"Our discipline was one of our keys to success and we lost it tonight," Morrow said. "We put together some good shifts but its tough to gain momentum when you are killing penalties that often. We knew they weren't going to quit on us and we need to go in and focus on the next game."
For now, the second-seeded Sharks avoided being eliminated in the second round for the third consecutive year. They lost to Detroit in six games last year and fell to Edmonton in six in 2006. San Jose hasn’t made the Western finals since 2004, when the Sharks lost in six games to Calgary. The Sharks avoided being swept for only the second time in franchise history; the only time they’ve lost four straight was to Detroit in the 1995 Western semifinals.
The Stars haven’t swept a series since beating Edmonton in four games in the first round in 1999, the last time they won the Stanley Cup. They’re trying to make the conference final for the first time since 2000, when they advanced to the Stanley Cup Final before losing to New Jersey.
The tight checking that prevailed in the first three games of this series continued into Game 4, with the Stars getting seven shots in the first period and the Sharks just four — despite having three power plays, during which they managed only one shot. Dallas’ best chance came during the Sharks’ third power play, but Nabokov robbed Jere Lehtinen on a shorthanded bid.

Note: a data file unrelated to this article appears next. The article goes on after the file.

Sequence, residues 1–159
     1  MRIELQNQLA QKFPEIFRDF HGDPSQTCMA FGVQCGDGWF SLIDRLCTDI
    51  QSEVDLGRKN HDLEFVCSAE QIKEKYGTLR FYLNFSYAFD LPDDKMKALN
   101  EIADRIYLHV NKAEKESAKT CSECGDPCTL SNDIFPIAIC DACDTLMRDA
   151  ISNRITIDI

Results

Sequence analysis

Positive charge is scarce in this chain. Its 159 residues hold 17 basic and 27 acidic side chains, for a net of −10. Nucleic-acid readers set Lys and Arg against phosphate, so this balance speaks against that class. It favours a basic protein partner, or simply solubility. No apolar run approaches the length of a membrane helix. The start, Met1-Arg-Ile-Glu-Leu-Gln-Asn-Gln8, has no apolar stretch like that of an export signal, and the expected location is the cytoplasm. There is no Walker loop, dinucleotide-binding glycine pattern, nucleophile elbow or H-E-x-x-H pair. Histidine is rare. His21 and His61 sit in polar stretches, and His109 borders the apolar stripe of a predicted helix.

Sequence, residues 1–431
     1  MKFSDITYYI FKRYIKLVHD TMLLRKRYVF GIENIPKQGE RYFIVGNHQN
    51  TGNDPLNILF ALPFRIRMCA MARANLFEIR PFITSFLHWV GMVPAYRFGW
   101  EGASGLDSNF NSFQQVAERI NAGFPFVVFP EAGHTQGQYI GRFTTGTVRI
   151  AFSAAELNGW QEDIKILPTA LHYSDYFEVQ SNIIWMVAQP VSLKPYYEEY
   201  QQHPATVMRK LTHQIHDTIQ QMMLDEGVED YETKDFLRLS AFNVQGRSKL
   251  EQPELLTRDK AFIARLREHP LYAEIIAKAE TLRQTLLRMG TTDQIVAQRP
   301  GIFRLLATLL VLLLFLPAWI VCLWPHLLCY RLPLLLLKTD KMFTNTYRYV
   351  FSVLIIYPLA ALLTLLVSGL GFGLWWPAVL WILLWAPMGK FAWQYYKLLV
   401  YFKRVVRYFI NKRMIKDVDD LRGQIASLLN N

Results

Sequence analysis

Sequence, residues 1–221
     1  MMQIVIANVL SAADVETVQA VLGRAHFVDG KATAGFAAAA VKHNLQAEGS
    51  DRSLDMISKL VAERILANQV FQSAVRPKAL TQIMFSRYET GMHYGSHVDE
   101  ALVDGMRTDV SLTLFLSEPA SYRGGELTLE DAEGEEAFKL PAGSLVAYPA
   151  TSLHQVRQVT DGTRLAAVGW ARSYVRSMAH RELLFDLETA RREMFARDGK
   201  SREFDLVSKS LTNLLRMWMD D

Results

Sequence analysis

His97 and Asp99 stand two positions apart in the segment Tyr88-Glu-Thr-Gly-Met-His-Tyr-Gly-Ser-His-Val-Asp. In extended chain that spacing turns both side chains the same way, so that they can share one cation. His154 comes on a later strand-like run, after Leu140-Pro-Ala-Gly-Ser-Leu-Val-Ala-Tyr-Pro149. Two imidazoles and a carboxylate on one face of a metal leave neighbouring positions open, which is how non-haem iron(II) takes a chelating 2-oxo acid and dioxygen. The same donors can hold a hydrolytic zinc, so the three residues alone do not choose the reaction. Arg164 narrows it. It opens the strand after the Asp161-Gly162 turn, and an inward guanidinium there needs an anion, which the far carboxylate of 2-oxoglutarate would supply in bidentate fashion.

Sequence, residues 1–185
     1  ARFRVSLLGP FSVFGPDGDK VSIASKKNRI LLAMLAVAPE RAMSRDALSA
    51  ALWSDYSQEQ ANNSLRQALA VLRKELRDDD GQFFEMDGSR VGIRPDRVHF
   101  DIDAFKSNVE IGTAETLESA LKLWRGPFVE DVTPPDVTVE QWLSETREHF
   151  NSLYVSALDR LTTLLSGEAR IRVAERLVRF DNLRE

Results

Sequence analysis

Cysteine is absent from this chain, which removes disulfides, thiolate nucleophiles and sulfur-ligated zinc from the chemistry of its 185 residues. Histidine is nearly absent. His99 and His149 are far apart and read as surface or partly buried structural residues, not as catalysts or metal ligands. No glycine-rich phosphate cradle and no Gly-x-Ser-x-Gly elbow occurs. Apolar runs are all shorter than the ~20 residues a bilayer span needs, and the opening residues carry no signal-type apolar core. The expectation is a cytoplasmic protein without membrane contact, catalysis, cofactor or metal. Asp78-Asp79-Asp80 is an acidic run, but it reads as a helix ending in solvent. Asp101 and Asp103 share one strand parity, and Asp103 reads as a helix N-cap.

Lehtinen didn’t miss his next opportunity, beating Nabokov after a giveaway to give Dallas a 1-0 lead at 5:25 of the second period. Sharks rookie Devin Setoguchi had the puck in the corner to the right of Nabokov and backhanded it carelessly into the slot. Lehtinen easily picked off the pass and quickly wristed the puck high past Nabokov’s catching glove for his first goal of the series.
It was the first time in the series that the Stars scored first and came on Dallas’ first shot of the period.
With a delayed penalty coming to the Sharks, Richards almost made it 2-0 about 8½ minutes into the second period, but his backhander from close in plinked off the crossbar.
''It's a game of inches, it was close,'' Richards said. ''You'd like to have those chances back but that's not the way it is.''